which awaken longings for the bodily presence of the dear kith and kin in the far country. But I confess I would rather that the said wishing-cap could bring all of you here, away from the bitter frosts and snows, to this paradise of sweet sunlight—and (selfish as it sounds when expressed in words) away from constant sight of the shivering ill-clad and half-starved people, whose deep-seated poverty you can in no wise alleviate,—to these isles, where want, at least, never appears prominently.
The whole family party of brothers and sisters, mother, aunts, cousins, and feudal retainers, moved out here again immediately after the departure of the big ship, and we have resumed the pleasant existence of delicious early bathes, and long idle days beneath the green shade by the lovely river.
I am sitting now in my favourite bower of dark hybiscus with lemon-coloured blossoms, which overarches the sparkling rivulet, as it branches from the main stream—an enchanting spot. I have just been reading the old Christmas service, which brings back many a vision of langsyne. There was a grand midnight Mass last night at the Catholic church, and of course service this morning, but none at the Protestant church, I believe.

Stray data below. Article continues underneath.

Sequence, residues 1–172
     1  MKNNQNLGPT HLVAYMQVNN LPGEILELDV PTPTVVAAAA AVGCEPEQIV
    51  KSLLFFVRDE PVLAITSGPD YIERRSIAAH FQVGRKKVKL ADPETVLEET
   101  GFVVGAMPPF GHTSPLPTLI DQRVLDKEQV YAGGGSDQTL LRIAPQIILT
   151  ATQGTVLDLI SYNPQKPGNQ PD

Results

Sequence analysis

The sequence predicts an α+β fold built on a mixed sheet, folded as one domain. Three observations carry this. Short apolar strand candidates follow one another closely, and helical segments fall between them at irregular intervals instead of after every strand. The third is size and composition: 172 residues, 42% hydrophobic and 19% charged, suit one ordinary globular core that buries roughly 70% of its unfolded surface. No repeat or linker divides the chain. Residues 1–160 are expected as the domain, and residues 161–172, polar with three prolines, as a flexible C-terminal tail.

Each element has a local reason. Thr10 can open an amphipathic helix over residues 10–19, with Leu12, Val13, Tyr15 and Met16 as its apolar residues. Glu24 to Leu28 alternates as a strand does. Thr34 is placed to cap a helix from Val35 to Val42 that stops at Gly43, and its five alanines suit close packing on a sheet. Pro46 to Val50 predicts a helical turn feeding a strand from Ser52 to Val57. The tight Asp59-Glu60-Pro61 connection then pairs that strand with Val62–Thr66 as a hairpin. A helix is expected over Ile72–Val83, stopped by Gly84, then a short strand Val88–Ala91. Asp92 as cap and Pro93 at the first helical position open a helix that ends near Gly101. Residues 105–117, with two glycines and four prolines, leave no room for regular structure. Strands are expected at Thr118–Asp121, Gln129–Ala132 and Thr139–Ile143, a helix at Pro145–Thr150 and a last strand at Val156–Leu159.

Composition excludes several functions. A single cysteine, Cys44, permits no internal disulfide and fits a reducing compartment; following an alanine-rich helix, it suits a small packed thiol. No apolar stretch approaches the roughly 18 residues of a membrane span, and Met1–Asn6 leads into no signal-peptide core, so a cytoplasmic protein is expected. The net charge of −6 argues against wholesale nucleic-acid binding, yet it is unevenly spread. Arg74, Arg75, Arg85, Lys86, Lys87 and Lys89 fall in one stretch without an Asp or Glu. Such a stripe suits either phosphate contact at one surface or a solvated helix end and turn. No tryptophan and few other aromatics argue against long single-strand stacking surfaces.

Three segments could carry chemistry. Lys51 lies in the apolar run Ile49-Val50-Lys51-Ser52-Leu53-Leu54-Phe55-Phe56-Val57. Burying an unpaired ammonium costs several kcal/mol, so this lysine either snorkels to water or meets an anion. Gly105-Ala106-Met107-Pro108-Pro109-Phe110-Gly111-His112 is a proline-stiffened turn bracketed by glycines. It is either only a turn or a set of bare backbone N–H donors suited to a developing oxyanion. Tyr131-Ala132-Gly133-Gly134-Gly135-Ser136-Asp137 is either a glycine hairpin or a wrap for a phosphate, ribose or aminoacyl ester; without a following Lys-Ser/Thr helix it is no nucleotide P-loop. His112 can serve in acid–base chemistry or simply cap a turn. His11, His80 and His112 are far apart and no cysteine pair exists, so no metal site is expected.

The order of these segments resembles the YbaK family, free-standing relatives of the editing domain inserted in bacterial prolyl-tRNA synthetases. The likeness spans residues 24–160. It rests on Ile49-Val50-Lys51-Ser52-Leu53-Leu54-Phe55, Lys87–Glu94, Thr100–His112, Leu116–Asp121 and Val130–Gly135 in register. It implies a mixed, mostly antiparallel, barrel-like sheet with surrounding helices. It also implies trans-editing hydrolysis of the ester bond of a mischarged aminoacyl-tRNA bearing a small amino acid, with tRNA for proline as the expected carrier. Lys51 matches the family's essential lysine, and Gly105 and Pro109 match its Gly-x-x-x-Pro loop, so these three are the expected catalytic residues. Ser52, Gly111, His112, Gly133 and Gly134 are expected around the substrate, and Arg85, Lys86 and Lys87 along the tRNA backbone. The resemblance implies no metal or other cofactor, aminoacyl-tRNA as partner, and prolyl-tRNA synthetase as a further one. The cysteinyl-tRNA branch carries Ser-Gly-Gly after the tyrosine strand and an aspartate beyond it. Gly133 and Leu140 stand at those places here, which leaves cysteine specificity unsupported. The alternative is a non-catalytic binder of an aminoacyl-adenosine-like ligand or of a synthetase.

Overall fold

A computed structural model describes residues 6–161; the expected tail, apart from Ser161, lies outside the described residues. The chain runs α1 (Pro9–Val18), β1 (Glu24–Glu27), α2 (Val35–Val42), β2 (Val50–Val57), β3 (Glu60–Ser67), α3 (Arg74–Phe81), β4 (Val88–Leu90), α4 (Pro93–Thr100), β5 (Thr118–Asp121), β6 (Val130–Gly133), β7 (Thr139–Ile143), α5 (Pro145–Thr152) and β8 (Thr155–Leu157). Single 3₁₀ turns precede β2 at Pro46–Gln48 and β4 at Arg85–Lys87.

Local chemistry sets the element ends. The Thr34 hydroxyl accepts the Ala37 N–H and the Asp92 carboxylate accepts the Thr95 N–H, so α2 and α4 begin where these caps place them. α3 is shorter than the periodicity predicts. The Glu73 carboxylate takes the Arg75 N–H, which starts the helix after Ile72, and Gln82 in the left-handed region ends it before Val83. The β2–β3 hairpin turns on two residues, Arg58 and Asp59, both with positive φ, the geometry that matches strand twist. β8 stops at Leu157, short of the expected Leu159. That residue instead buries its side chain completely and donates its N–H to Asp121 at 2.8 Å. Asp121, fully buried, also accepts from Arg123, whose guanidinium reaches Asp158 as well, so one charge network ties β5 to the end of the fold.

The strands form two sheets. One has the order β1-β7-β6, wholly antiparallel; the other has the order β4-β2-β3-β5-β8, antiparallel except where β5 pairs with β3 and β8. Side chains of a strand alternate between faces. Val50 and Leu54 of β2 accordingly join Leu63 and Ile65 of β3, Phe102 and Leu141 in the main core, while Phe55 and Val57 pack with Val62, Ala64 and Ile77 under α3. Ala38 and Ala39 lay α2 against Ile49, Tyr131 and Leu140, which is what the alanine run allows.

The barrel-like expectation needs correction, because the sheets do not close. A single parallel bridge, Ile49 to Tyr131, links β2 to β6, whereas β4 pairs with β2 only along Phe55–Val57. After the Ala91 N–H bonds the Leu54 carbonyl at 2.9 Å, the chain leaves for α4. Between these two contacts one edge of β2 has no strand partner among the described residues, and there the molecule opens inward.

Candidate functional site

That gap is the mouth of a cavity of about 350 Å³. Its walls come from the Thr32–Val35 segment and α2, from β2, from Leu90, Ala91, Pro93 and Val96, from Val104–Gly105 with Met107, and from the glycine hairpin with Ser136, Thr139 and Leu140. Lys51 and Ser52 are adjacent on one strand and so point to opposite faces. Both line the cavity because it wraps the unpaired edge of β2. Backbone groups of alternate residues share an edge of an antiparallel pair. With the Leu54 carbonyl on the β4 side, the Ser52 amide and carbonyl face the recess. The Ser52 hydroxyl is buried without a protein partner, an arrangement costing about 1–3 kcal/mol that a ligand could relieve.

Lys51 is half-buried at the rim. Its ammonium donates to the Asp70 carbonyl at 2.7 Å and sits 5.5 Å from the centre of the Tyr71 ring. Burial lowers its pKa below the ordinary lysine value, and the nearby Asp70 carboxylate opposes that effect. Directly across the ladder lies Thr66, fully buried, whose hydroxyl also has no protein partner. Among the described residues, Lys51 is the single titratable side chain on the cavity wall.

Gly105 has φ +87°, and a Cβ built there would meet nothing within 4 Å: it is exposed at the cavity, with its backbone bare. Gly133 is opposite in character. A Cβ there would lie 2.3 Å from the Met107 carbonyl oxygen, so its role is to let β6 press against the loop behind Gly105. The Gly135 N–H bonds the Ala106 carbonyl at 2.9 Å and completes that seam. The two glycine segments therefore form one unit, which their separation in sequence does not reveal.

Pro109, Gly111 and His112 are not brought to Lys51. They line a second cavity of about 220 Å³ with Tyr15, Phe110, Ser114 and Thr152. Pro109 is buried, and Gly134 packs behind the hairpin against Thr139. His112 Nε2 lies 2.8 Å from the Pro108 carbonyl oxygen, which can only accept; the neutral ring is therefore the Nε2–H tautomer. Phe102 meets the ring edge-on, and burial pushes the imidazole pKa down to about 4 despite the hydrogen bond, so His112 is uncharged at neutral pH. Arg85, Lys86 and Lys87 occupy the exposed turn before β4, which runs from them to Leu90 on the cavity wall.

Now I must go in to breakfast, alias luncheon, as a number of friends are expected. This evening one of the neighbours gives a large dance, to which, of course, we all go. Even non-dancers find such ploys attractive when they involve a pleasant evening drive in an open carriage, and no hot crowded rooms.
I have had another small cruise in the Seignelay, which was ordered to the isles of Tetiaroa, distant about twenty-four miles, thence to bring back the king, who went there last week in an open boat.
It was arranged that I should sleep at the Red House, and go on board with Queen Marau at daybreak. It proved to be rather a stormy morning, with a good deal of sea on; the sunrise colouring was very striking,—the mountains shrouded in heavy gloom,